The appointees increased the representation
of women on the Council and increased the number of members from
ethnic minority groups from two to six. Members from the nursery,
sixth form and independent school sectors were also brought onto
the Council through this process.
|Ethnic minority Members||1
Having overseen the establishment of the General Teaching
Council during its period of direct funding, the term of office
for John Tomlinson and I comes to an end in September. The appointments
process for our successors has started, with advertisements placed
in the main broadsheet newspapers, The Times Educational Supplement
and in the ethnic minority press. Again we have looked closely
at the experiences and skills on the Council and are seeking applicants
who will bring additional and complementary strengths to the Council.
My response to your consultation paper is concerned with
the appointment process for the 13 Members appointed by the Secretary
I will not attempt to answer all of the questions outlined
by the Committee, but will comment on those on which my experience
as Chair of the GTC has provided some insights.
2. What problems might arise if elections were held
for membership of some public bodies, instead of the current system
As explained in my introduction, the GTC is partly elected,
partly nominated by other bodies and only partly appointed. The
next GTC elections are due in 2004 and the Council has not yet
concluded discussions on the most appropriate electoral process.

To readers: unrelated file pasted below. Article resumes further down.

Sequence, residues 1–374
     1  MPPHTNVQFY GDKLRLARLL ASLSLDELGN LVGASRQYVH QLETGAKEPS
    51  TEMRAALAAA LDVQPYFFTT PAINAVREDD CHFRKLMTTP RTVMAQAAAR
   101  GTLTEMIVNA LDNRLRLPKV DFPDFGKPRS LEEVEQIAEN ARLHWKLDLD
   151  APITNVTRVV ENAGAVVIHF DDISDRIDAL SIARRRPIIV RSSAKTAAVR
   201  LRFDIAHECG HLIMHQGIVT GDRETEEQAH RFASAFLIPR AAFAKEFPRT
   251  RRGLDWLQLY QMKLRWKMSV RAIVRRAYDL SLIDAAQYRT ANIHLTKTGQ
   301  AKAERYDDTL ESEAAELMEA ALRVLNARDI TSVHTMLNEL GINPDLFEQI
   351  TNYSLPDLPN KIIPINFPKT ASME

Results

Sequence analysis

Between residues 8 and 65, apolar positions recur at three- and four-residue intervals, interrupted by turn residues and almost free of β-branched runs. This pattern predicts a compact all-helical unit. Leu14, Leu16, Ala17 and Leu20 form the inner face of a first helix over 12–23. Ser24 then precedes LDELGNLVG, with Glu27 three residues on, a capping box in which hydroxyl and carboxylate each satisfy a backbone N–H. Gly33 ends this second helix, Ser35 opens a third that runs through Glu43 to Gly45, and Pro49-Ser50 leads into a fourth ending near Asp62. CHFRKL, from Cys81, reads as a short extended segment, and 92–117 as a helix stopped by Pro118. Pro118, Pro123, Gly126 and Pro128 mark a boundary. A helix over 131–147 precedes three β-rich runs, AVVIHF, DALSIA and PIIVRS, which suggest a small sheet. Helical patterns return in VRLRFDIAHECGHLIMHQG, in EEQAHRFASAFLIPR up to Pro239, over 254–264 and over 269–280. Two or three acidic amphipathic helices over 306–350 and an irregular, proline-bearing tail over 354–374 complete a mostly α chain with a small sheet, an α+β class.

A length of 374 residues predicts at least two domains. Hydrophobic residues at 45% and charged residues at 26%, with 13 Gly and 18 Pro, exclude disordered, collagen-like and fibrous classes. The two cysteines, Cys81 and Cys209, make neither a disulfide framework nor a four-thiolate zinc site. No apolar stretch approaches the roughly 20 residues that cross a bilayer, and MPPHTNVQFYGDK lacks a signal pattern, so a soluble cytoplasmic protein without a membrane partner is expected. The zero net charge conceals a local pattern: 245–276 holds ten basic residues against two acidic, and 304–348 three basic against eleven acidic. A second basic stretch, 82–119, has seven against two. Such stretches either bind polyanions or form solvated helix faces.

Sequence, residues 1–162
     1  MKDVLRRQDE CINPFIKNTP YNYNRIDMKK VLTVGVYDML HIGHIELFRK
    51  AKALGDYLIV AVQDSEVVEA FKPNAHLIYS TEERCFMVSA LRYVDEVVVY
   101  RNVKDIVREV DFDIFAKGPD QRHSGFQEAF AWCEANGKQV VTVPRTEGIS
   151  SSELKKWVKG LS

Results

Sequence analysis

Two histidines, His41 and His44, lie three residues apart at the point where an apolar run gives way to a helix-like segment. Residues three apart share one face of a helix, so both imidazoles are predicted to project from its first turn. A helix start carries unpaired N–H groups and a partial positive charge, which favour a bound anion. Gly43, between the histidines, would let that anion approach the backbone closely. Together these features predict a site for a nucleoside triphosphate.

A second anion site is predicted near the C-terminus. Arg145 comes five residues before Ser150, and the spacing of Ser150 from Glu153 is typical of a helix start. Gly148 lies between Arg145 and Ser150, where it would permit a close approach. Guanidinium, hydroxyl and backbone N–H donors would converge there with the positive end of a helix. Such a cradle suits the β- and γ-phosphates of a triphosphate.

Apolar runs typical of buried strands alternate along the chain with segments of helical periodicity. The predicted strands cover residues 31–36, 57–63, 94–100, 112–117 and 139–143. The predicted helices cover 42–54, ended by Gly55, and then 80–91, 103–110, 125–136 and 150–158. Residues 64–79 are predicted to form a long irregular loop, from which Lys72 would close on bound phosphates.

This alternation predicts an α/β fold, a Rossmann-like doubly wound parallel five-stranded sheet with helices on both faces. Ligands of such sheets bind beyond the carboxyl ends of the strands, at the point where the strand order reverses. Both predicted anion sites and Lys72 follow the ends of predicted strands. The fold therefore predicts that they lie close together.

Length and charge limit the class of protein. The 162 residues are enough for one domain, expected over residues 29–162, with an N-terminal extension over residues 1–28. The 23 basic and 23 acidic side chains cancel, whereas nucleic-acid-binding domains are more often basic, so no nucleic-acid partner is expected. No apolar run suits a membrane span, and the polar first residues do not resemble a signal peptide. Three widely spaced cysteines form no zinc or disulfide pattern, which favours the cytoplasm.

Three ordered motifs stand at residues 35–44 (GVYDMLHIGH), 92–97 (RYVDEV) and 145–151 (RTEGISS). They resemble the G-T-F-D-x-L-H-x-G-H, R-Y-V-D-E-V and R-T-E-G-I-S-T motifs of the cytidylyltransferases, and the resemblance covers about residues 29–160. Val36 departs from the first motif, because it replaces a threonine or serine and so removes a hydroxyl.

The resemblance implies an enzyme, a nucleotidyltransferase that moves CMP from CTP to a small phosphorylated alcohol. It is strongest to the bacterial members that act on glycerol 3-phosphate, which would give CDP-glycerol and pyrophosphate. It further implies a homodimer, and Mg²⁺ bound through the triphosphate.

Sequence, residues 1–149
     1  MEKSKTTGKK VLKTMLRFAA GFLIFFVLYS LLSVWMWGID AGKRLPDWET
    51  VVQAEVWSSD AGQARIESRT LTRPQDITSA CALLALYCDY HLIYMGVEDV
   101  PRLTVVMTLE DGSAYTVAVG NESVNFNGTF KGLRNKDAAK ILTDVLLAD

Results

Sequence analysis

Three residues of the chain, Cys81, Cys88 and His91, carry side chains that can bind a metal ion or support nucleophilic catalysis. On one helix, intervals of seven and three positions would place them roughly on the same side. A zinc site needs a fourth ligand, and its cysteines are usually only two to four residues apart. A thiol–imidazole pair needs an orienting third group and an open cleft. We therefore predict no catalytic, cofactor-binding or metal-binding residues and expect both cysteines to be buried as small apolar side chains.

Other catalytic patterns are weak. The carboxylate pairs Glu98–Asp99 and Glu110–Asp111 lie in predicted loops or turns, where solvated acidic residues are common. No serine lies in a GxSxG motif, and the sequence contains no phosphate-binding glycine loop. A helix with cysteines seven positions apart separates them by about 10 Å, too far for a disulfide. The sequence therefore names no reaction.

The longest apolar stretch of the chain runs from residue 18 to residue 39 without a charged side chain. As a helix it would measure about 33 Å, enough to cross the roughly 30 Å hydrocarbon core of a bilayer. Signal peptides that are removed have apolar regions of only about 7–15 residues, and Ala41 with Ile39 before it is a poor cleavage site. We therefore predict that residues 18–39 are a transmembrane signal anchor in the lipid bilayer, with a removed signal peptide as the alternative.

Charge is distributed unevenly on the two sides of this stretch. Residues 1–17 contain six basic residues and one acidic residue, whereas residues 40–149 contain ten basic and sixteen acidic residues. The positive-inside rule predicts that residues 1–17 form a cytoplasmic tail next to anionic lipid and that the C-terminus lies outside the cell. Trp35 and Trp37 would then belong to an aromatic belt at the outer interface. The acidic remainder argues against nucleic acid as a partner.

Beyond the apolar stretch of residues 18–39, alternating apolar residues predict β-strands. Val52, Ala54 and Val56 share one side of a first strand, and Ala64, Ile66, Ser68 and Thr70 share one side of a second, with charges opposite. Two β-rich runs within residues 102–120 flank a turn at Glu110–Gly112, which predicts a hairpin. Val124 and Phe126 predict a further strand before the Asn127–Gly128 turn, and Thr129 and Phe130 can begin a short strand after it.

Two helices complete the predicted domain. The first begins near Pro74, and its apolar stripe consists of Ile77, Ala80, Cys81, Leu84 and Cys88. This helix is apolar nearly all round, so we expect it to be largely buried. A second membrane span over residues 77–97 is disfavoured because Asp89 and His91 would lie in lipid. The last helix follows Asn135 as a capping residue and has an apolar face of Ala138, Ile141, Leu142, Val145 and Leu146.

5. Government departments publicise public appointments,
assess applications and draw up shortlists for interview. Independent
assessors take part in the process and appointments are made on
merit. Is this a sensible devolution of power to departments or
does it cause problems and create unfairness?
From the experience of my involvement in the public appointments
for the GTC, I would say that giving the relevant department an
integral role in the appointments process is vital to ensure that
the department's skills, policy knowledge and networks can be
drawn upon. The presence of independent assessors working with
the Code of Practice of the Office of the Commissioner for Public
Appointments gives the process itself greater rigour. The Code
should provide reassurance to the public that appointments are
made on merit, although there clearly remains some difficulty
with public appreciation of this.
7. Is There any evidence to suggest that politicians
sometimes play an improper role in the current public appointments
system? What are your main concerns, if any?
My personal experience across the past 25 years rather indicates
the contrary. The involvement of Ministers normally adds an ingredient
of common sense to the procedure.
12. Do you believe that an independent appointments
commission should be introduced instead of ministerial appointments?
Despite an active campaign for a general teaching council
over many decades by the teaching unions and associations and
a wide range of educational organisations, there has been some
resistance among teachers to the introduction of the GTC. It is
seen in some quarters as another "imposition" upon teachers,
rather than a supportive body that will work to enhance their
status and uphold the high standards of the profession. Opponents
of the GTC have felt it advantageous to both exaggerate the proportion
of the Secretary of State appointments and misrepresent their
role on Council. The appointees were dismissed at a recent teaching
union conference as "Blair's cronies". In reality, of
the 13 appointments, I am the only one with an affiliation to
a political party.
The Secretary of State's appointees may have been better
received had they been typified from the outset as independently
appointed. In this way, they may then have escaped their unfair
characterisation as political appointees.
I firmly believe that the departmental appointment process
that was followed was successful in securing a good balance of
talents, perspectives, knowledge and independence on the GTC.
I very much doubt if taking the process outside the Department